I feel deeply and passionately that there is a much bigger picture to the close-up snapshots we are getting from around the world. We are standing before a phenomenal chance for change. A unique opportunity to not go back to the “normal,” which was neither just, nor sustainable, nor even working for the majority of the global population. As Charles Eisenstein asks: For years normality has been stretched nearly to its breaking point, a rope pulled tighter and tighter… Now that the rope has snapped, do we tie its ends back together, or shall we undo its dangling braids still further, to see what we might weave from them?

The Indian author, Arundhati Roy, says much the same in THE WAY AHEAD:

Arundhati Roy

The writing has been on the wall for a long time. I sincerely hope Covid-19 will make it impossible for these ways of thinking to be brushed aside and ignored as the domain of dippy-hippies, whacko scientists, alternative dropouts, idealists, artists or activists. I pray that during this prolonged pause enough of us can shift our values and priorities fully into the camp of those we are currently embracing, not just as individuals but also as a nation. As I have frustratingly learned from decades of campaigning for prison reform, the political impetus to change will only come from widespread public insistence and/or inspired and wise leadership. I don’t yet know what exactly I, what we as individuals, can do and I welcome all suggestions. But maybe a good starting point is to follow New Zealand’s Prime Minister, Jacinda Ardern’s encouragement to “Be strong, be kind.”

Some further opinions:

Penguin is publishing essays about Covid-19 by their leading authors every Monday, like It’s all got to change by Philp Pullman and A New Normal by Malorie Blackman

The pandemic is a portal by Arundhati Roy

Covid-19 and the language of war by ADRIAN W J KUAH AND BERNARD F W LOO
Coronavirus and the language of war New Statesman

Coronavirus: How New Zealand relied on science and empathy BBC News

The Coronation by Charles Eisenstein as a podcast and as a PDF file

George Monbiot talks about Coronavirus

The past residing in the present and shaping the future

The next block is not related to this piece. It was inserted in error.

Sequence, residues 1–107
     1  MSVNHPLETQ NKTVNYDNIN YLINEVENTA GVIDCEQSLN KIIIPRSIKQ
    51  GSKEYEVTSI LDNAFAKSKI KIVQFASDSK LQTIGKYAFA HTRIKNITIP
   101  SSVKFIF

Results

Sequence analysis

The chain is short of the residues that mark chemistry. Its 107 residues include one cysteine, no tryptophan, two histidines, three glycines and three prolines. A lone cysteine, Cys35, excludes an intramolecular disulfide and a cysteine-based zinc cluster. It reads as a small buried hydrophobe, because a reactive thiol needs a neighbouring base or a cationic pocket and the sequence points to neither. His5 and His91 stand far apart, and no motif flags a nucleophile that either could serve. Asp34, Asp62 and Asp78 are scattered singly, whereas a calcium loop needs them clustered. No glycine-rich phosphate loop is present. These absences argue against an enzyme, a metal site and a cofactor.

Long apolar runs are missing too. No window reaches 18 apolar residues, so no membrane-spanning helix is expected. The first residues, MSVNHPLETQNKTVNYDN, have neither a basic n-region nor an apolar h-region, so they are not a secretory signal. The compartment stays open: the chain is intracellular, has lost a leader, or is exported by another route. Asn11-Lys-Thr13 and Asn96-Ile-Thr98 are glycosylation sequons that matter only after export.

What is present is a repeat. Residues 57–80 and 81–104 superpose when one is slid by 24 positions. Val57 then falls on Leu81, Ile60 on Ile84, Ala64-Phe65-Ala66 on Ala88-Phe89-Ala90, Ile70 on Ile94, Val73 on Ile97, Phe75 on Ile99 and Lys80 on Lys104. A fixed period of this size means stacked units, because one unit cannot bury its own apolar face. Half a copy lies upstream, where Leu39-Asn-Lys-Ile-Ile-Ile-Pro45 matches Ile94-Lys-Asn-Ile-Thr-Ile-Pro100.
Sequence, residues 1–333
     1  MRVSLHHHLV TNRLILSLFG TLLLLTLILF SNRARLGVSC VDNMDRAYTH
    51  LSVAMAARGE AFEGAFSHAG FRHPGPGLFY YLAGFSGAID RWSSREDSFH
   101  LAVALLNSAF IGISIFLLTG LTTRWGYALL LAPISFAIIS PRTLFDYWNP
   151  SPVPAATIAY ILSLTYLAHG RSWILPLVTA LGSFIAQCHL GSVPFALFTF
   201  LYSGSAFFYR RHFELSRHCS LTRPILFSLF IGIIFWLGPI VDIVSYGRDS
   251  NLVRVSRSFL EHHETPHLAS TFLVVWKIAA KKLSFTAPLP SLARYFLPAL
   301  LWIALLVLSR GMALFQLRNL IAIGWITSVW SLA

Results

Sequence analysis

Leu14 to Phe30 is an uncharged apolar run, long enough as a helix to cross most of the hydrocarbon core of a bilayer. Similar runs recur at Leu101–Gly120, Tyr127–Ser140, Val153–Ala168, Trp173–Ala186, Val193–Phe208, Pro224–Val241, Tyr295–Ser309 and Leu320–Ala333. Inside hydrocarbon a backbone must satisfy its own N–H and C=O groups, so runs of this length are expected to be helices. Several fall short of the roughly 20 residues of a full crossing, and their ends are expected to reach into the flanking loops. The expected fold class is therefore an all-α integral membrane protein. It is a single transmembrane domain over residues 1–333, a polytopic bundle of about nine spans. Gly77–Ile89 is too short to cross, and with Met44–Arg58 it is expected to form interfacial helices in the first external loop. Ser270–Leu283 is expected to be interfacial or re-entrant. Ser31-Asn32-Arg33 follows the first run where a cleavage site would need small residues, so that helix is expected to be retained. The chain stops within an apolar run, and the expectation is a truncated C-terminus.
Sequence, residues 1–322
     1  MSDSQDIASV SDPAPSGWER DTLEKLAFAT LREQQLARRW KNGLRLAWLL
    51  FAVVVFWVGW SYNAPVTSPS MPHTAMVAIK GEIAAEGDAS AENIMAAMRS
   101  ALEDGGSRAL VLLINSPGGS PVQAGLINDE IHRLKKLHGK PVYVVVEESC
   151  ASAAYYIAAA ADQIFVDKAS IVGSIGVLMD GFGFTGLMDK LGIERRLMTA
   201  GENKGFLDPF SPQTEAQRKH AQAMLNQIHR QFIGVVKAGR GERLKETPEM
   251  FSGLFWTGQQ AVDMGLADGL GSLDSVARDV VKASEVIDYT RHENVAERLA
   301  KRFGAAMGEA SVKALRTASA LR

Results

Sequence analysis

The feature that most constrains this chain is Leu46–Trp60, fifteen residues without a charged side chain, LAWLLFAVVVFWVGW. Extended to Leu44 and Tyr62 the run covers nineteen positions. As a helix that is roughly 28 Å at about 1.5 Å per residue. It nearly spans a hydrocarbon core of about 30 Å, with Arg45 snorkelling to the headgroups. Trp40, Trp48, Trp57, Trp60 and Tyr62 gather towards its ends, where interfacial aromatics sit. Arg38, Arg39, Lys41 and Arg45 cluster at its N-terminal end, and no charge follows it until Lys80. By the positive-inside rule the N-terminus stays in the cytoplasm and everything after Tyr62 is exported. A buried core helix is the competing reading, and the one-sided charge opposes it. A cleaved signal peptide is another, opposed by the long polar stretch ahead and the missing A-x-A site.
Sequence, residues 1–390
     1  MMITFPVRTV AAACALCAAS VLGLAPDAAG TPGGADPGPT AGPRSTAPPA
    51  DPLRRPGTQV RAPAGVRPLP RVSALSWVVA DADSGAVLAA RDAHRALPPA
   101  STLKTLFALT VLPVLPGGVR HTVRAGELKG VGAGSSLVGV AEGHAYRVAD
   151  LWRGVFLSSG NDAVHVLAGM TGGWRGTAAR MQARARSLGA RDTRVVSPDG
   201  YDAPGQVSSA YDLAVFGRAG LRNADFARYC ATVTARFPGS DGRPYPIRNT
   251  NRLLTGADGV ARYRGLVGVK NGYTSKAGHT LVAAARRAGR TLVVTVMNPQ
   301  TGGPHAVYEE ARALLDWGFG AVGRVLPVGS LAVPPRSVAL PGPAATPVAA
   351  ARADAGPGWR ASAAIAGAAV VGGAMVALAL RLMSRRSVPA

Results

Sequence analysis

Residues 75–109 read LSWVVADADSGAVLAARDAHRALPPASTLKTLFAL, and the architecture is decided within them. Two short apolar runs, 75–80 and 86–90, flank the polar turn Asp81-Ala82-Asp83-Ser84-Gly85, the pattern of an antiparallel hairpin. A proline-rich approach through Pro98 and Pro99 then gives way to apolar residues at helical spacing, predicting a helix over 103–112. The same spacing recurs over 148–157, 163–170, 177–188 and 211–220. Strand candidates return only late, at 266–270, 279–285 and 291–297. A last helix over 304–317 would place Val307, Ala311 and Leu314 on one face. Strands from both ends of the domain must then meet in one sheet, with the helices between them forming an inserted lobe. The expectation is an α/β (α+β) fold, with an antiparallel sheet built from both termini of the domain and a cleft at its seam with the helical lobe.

“It’s the memories,” 98-year old D-Day veteran, John Sleep, told the BBC interviewer, Sophie Raworth on Remembrance Sunday. Dressed in a blue suit decorated with medals and donning a burgundy beret and tie, his wheelchair was parked on Horse Guards Parade in front of the traditional ‘march past’ the Cenotaph. Asked how vividly he could remember it all, he said, “It was yesterday.” Silence followed as his face crumpled in its fight against tears. As for so many veterans, the title of “hero” bestowed on servicemen today feels misplaced. What he and his fellow soldiers did was not heroic, glorious or even brave necessarily. Those are qualities that belong to their friends who didn’t return. They are the real ‘heroes’ and their memories still roam and haunt the minds of the living. 

Memories; PTSD; horror, honour and pride get shaken into potent cocktails of commemoration at this time of year. Last weekend was almost overwhelming in the scale of significant events to be remembered. Don’t get me wrong; I love remembering the past because each time I ‘re-member’ an event, I learn a little more about its relevance to the present and the future. Time became a linear construct through the human need for rationality and order. Yet in reality, or in my experience at least, time refuses to simply line up chronologically. The past and future co-habit each moment of what we call the present.

November 1989, the fall of the Berlin Wall

This year’s calendar of remembrance started on 9th November, when Europe and beyond celebrated the 30thAnniversary of the fall of the Berlin Wall and remembered all those who died on the physical and symbolic front line of the Cold War. A bit like with the 9/11 collapse of the Twin Towers, it seems that everybody can place exactly where they were when it happened. I can recall my Sussex landlady’s unbridled joy as she danced in front of her television clapping her hands as the ‘Ossis’ flooded through the wall into the welcoming, cork-popping arms of West Germans. I remember clapping and grinning with her, careful to disguise my shameful ignorance of just how momentous a moment this was. The Cold War may have been the political backdrop to life back then, but I was still in the dark over the potency of German history… half my family’s history.

Next up was the annual Festival of Remembrance at the Albert Hall, an event that every year both moves me to tears and irritates me in equal measure. I have written about it before but in spite of some deeply kitsch musical contributions – James Blunt, the former army officer with a remarkably high voice and Leona Lewis, former X-Factor winner, who massacred ‘Like a Bridge over Troubled Water’ – I found this year’s festivities generally more sensitive, less triumphal (thank goodness) and more inclusive. They focused on the 75th anniversaries of lesser known, yet no less brutal, battles of 1944, such as Monte Cassino and Rome, and the collaboration and friendship of the British, Commonwealth and Allied armies who fought them. They also marked the 100th anniversary of GCHQ and the vital, albeit largely uncelebrated role of the secret services such as the code-breaking work at Bletchley Park completed by a workforce 76.35% of which were women…